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An international conference on air pollution opened in Cape Town on Monday with a call on South African industry to show leadership and comply with emission standards.

Delegates at the 16th International Union of Air Pollution Prevention and Environmental Protection Associations (IUAPPA) congress heard mostly poor South Africans were exposed to pollutants.

"The people that are exposed to the smog are almost always the people that cannot afford to pay the doctors' bills for bronchitis, asthma or, worse, lung cancer," Environmental Affairs Minister Edna Molewa said in a speech delivered on her behalf by senior department official Judy Beaumont.

Reducing air pollutants and greenhouse gas emissions could be achieved by changing the way business was conducted, she said.

"One of the greatest opportunities we foresee is the leadership role of industry in setting clear plans for the introduction of the necessary technologies, to ensure that they are able to meet economic targets and be within the minimum emission standards."

By so doing they were ensuring that the air people breathed was not harmful to their health.

Molewa said she recognised this presented problems of technology and finance.

"I call upon industry to respond to this challenge constructively."

The minister also cited United Nations Environment Programme figures, which linked air pollution in urban areas to "up to two million premature deaths world-wide each year, and is estimated to cost [about] two percent of GDP in developed countries, and five percent in developing countries".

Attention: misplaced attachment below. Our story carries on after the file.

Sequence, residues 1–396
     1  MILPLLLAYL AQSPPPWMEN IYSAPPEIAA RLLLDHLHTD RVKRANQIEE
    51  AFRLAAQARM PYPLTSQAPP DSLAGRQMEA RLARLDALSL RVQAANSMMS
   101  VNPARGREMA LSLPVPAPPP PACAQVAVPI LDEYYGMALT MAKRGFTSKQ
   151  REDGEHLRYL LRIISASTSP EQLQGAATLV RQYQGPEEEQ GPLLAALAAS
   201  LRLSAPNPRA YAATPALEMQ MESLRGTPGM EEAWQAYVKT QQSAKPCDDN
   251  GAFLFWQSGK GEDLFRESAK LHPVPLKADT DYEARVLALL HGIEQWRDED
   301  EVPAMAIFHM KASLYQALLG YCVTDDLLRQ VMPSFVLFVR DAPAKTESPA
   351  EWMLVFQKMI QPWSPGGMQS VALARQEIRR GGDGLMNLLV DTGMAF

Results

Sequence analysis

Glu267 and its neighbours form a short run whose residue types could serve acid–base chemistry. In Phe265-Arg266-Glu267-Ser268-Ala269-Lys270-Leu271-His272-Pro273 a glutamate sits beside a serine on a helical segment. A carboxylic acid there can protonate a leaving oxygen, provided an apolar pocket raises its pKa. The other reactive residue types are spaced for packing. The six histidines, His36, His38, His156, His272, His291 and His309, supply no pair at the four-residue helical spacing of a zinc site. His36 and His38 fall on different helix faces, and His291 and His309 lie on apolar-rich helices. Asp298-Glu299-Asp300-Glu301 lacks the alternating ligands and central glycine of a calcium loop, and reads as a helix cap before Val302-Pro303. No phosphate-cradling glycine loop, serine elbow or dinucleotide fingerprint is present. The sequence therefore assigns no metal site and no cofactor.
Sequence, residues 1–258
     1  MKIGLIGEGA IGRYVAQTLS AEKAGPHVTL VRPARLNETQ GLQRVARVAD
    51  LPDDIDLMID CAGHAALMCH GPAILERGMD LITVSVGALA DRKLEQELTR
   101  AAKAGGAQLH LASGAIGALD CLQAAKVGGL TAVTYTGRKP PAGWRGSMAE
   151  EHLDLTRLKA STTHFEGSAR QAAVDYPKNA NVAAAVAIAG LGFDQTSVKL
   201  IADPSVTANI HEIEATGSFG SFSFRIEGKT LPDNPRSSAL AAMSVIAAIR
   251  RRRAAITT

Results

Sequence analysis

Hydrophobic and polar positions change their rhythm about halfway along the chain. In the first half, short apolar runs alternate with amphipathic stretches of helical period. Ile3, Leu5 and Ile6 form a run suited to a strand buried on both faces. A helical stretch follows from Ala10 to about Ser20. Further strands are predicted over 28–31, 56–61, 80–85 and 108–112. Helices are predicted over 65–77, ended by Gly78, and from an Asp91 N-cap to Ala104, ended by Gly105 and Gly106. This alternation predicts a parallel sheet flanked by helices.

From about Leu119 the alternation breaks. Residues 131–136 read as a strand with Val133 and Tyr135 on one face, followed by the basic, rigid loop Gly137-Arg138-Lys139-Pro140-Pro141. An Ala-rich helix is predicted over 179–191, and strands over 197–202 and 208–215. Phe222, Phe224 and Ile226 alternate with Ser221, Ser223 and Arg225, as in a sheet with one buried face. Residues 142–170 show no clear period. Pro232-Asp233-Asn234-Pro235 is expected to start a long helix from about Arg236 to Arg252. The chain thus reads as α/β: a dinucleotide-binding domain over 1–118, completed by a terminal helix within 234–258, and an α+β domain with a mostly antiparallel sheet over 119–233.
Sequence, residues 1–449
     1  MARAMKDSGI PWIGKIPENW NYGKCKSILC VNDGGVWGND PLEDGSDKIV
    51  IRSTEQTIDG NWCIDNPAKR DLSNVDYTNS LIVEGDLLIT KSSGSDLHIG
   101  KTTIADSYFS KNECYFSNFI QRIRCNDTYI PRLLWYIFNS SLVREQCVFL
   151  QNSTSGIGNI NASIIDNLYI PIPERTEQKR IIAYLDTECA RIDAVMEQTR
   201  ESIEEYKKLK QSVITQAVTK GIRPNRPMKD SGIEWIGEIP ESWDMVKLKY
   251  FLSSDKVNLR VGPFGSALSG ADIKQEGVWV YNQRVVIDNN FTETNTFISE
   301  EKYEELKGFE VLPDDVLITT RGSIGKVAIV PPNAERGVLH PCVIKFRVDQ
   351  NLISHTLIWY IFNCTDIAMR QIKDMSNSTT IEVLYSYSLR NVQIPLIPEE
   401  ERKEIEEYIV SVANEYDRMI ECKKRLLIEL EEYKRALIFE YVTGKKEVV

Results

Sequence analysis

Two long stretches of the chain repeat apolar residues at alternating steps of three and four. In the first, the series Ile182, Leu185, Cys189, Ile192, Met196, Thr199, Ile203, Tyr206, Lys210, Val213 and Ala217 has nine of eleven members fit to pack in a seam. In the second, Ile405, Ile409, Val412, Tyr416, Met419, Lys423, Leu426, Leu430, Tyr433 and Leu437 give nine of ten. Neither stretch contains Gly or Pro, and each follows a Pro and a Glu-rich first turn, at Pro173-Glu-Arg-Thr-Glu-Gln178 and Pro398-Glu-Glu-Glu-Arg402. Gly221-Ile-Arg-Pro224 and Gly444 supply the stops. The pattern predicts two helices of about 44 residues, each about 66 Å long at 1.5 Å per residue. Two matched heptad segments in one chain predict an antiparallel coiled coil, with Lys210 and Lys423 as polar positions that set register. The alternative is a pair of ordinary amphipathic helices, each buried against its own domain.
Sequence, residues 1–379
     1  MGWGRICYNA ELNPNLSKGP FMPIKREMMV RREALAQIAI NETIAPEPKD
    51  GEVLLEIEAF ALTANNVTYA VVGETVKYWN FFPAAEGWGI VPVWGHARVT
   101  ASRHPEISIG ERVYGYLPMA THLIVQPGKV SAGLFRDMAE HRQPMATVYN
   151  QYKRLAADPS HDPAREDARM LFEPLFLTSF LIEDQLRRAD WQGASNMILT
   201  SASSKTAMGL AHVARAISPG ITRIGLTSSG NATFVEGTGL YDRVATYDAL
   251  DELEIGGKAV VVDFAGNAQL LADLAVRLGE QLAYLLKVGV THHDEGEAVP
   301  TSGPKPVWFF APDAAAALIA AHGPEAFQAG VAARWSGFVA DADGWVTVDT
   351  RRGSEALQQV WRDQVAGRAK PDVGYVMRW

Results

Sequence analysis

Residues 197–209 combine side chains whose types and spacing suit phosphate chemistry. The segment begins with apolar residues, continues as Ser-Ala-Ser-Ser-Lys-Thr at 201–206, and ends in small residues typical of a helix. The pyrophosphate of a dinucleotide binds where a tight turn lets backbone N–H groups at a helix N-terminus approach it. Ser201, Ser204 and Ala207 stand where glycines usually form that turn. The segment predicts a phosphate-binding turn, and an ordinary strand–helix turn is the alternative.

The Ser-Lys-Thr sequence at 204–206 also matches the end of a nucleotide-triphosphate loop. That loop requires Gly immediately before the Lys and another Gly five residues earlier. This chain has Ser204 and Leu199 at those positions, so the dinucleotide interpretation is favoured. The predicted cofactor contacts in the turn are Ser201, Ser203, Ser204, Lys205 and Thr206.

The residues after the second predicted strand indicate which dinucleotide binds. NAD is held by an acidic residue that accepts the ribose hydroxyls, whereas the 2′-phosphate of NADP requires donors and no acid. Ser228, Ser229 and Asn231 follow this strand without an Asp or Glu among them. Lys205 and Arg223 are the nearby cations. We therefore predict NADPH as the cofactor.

The theme of this year's conference is "Many Nations -- One Atmosphere: Plotting the Path to Sustainability".

Specific topics set for its five-day programme include air quality in the developing world; air pollution and climate change; bio-diversity, eco-system services and crop damage; and, international co-operation on air pollution.

Speaking at the opening, IUAPPA chairman Richard Mills said the fact that South Africa contained elements of both a developing and developed country made it a good venue for the conference.

"South Africa is in many ways at the epicentre of the climate and clean air issues. The impact of these problems on the country are visible and substantial, and that is a critical starting point," he said.

It is the second time the conference has been held in South Africa. The 11th international meeting was in Durban in 1998.